Obama calls Livni


Barack Obama called Israel’s foreign minister to express support for Israel in the wake of the recent increase in violence.

The Democratic presidential front-runner initiated the call Tuesday to Tzipi Livni during her visit to Washington.

Obama, a U.S. senator from Illinois, addressed last week’s terrorist attack on a Jerusalem yeshiva, the intensification of rocket fire from the Gaza Strip, peace talks with Palestinian Authority President Mahmoud Abbas and the threat of a nuclear Iran.

A statement from his campaign said Obama “expressed condolences to the entire State of Israel for the attacks at Mercaz Harav yeshiva last week; underscored Israel’s right to defend itself, particularly against rocket attacks; outlined shared interest in ensuring Iran does not develop nuclear weapons and ended its support for terrorism; and expressed admiration and support for the ongoing commitment to negotiations with President Abbas.”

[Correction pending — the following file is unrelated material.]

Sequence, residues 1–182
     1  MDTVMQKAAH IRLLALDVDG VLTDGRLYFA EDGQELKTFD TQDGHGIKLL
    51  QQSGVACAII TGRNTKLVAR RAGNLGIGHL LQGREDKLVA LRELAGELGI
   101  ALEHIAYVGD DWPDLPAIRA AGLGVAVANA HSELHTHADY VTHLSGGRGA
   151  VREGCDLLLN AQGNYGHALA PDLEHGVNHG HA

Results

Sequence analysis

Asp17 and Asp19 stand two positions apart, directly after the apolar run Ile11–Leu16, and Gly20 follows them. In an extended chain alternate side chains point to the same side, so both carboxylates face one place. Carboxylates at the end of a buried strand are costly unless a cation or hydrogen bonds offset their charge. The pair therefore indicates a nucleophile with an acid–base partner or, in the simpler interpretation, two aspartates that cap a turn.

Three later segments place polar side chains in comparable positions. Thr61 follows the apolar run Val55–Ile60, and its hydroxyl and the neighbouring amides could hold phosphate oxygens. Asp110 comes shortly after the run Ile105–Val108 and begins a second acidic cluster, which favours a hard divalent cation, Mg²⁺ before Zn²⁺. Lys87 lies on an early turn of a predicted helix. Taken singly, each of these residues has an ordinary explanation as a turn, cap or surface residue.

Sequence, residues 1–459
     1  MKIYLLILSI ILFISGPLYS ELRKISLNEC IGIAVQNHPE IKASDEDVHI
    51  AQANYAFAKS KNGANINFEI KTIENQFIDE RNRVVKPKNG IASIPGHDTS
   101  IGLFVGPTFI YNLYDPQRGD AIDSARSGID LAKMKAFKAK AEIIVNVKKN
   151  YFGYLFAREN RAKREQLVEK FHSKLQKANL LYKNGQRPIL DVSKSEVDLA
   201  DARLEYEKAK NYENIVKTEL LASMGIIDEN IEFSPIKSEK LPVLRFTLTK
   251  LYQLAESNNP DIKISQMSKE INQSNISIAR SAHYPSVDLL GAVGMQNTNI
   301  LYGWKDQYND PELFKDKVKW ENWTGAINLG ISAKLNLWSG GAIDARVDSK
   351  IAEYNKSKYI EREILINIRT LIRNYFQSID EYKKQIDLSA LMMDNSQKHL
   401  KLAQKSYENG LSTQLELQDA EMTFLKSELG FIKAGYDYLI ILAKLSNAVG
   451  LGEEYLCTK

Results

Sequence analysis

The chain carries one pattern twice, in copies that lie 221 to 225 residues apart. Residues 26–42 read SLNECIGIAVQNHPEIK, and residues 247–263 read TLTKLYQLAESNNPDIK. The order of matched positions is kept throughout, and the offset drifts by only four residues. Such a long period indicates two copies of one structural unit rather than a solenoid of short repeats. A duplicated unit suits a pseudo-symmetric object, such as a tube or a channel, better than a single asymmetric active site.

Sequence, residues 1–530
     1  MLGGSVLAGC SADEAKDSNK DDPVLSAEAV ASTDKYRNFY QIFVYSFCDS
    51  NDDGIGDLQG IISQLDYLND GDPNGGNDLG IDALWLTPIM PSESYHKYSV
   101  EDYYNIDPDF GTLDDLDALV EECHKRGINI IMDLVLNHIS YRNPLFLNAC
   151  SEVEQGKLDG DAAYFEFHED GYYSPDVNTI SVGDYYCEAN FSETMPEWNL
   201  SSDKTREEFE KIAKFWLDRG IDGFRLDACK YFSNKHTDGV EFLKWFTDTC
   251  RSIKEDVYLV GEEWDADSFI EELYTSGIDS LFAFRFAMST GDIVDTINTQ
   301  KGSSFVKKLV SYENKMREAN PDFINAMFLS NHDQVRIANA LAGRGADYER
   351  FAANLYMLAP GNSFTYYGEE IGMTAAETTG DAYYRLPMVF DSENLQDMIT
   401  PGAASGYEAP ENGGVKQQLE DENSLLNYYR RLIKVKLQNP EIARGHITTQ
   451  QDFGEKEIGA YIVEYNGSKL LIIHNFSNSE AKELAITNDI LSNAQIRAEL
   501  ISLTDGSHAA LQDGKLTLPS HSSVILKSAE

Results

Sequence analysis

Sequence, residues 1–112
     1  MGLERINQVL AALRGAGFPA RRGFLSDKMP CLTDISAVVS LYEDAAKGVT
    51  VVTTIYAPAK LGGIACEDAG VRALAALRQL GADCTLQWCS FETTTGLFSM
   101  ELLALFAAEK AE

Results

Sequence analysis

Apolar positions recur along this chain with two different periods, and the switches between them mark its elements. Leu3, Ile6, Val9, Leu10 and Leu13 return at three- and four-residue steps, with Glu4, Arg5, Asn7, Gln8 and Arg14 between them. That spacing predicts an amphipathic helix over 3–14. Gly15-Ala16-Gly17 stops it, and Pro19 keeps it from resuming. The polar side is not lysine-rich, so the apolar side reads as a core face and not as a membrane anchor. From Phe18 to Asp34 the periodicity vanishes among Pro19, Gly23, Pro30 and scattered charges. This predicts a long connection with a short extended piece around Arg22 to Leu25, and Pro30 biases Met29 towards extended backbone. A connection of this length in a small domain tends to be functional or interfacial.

The Israeli Embassy in a statement confirmed the call and added that Livni linked Iran to the intensification of violence.

“In her comments, the foreign minister said that there is a direct connection between Middle Eastern terrorism and Iran,” the statement said. “Israel is pursuing a dual strategy: an effort to arrive at understandings in negotiations with moderates and, at the same time, acting against Hamas,” the terrorist group that controls Gaza.

Embassy officials said they were trying to reach the presidential campaigns of Sen. Hillary Rodham Clinton (D-N.Y.) and Sen. John McCain (R-Ariz.) for similar conversations.

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